I will widen the flue. I like the idea of adding a split if needed.


I was rushing to get as much built this past week because this Wednesday I will have disc replacement surgery on my neck.  I will not be able to lift anything greater than 2 lbs for 2 weeks. (I hope it is only 2 weeks).  As you know I live in the desert.  And we almost never get rain.  Yet as soon as I started the kiln it has rained here for 5 days straight.  My friend in the neighborhood told me I had to stop building the kiln before we all floated away.  We have had about 7 " of rain in 1 week.  We normally only get 9"-11" in a year.. The rain gods need to talk to the kiln gods more often. Their cooperation would be very much appreciated.


Mark, Bruce, Neil, Marcia.... Thanks for your help... I would have hesitated more before starting project without your back up.



#110741 My Kiln Build

Posted by jrgpots on 29 July 2016 - 08:47 PM

I am finally getting around to build my kiln.  It will be about 16 cu ft in capacity.   the outer measurements are 43' x 43."

Here are the first pics from the project.   More will follow.



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#110306 Your Refractory Is Toast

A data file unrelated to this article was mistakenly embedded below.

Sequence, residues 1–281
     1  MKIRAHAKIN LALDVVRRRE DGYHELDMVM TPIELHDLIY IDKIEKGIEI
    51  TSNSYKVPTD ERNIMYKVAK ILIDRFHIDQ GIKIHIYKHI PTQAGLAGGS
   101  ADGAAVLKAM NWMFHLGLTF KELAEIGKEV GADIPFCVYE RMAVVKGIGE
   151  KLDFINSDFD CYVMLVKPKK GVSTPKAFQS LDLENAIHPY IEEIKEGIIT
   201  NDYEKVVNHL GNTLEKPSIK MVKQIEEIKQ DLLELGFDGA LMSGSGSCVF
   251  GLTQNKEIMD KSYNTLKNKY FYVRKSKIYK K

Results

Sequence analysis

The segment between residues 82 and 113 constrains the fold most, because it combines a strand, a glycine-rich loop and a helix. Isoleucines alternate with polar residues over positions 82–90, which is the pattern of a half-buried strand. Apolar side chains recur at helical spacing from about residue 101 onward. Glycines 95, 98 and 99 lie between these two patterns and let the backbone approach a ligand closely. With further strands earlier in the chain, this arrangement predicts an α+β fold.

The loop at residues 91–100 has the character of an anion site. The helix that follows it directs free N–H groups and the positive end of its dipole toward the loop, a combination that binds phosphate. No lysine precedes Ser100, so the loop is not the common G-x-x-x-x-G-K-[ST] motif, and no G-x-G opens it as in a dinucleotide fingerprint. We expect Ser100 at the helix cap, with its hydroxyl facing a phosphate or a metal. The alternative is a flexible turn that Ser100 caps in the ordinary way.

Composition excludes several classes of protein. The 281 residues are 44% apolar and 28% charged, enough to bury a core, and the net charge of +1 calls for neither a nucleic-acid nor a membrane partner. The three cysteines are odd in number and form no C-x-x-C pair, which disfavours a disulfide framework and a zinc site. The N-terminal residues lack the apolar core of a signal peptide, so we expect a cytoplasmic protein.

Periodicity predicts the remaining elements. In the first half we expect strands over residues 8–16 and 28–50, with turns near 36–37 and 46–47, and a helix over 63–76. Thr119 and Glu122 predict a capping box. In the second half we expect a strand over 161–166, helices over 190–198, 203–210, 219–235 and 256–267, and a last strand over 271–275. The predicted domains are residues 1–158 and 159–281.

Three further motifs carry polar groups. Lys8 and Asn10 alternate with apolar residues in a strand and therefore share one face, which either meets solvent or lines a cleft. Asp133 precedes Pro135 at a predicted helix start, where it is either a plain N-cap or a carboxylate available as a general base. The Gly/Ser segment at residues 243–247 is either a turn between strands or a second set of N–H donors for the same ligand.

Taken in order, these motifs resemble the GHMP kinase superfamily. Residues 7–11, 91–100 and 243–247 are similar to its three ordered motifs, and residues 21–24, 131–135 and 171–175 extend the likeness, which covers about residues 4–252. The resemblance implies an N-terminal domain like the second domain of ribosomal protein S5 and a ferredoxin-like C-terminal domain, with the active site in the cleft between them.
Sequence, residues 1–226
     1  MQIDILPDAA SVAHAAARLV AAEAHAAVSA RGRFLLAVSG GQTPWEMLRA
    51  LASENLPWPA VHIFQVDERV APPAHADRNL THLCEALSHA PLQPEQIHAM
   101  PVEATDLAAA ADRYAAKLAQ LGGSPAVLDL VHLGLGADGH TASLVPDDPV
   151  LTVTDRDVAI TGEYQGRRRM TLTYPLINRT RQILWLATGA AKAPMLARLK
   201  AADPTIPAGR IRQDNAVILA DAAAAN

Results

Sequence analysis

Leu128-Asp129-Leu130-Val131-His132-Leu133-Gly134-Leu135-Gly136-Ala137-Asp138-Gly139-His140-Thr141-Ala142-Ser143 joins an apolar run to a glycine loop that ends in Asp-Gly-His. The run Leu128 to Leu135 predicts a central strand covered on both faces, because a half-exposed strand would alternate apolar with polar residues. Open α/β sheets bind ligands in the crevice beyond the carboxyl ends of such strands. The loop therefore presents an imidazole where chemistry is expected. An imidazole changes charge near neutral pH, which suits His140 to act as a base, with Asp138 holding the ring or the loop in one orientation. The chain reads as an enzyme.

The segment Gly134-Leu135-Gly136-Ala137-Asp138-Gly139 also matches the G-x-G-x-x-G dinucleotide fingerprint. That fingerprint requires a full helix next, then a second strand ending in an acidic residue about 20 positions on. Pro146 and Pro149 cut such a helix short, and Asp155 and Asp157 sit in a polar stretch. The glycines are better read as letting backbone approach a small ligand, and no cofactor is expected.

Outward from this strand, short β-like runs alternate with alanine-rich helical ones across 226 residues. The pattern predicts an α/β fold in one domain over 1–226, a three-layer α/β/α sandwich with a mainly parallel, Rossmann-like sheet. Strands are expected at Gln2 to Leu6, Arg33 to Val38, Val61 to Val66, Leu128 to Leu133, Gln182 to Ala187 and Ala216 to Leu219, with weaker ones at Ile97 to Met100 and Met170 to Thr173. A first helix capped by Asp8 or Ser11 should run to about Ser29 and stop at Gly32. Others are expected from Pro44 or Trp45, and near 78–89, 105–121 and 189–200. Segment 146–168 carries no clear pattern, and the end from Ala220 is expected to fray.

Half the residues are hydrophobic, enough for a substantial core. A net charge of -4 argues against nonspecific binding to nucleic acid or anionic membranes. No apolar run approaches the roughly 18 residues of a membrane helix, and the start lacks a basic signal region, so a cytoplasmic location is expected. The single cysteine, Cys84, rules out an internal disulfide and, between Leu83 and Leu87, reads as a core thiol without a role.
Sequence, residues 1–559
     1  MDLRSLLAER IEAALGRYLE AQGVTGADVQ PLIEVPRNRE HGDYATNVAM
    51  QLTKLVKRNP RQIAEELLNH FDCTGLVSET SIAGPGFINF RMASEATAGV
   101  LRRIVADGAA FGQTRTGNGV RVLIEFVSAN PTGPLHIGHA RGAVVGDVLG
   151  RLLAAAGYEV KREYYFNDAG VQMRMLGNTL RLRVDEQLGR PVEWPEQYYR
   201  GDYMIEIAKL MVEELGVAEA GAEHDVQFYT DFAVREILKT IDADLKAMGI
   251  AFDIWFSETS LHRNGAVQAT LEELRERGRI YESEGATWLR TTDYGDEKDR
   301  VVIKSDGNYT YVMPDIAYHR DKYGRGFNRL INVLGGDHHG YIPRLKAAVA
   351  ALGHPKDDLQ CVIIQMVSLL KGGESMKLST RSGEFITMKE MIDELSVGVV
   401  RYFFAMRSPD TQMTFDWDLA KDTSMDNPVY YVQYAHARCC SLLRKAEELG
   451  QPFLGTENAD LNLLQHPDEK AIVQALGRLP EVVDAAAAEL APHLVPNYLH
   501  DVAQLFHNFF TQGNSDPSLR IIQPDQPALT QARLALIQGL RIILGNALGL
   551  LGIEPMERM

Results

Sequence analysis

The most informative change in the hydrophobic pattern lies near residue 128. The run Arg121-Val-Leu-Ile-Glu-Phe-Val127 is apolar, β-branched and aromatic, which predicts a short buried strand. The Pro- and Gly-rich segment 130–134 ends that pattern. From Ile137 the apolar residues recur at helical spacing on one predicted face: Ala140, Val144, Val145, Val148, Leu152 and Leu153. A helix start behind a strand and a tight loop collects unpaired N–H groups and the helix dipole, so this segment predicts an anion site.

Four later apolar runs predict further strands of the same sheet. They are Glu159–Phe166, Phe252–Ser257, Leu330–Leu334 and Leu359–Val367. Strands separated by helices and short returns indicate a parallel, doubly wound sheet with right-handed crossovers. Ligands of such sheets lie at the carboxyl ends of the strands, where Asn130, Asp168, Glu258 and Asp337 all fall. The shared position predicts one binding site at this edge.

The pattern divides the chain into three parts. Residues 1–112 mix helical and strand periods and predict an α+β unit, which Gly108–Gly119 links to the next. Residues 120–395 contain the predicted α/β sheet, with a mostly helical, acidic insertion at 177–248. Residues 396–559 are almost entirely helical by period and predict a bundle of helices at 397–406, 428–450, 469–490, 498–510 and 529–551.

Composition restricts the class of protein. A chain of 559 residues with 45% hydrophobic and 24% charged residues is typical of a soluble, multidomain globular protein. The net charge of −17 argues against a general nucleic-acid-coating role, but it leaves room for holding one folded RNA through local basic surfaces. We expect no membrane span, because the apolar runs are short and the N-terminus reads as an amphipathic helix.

Posted by jrgpots on 19 July 2016 - 11:45 AM

If you soaked the loaf of bread in Sodium silicate and compressed the loaf with a 10- 20 ton press prior to placing it in the chamber, then fired it in an Argon environment, you would have silicon carbide.....a kiln shelf.


There is a great article Feb 2005 Science daily about making petrified wood using similar technique.   They placed wood in acid to breakdown the cellulose a bit, then soaked it in hot sodium silicate.  It went into an Argon oven and came out petrified.    So you could make a kiln out of wood if you wanted to..






#110230 How Much Granular Manganese Dioxide?

Posted by jrgpots on 17 July 2016 - 08:03 PM

I have used basalt granules instead of manganese to speckle my white clay body. i have used 20-40 mesh grains in a concentration between 2 - 4 %. It is not toxic and gives a nice cookie and cream appearance.... just a thought.  It also doesn't play too badly with any glazing.

#109604 Birdhouse In Chinese Red

Posted by jrgpots on 29 June 2016 - 10:06 AM

wrens like to fill up any cavities that might entice other birds to move in too close to the wrens.  and their babies return to the house for some time after they begin to fly.  yesterday, the mother scolded my dog for walking into her yard.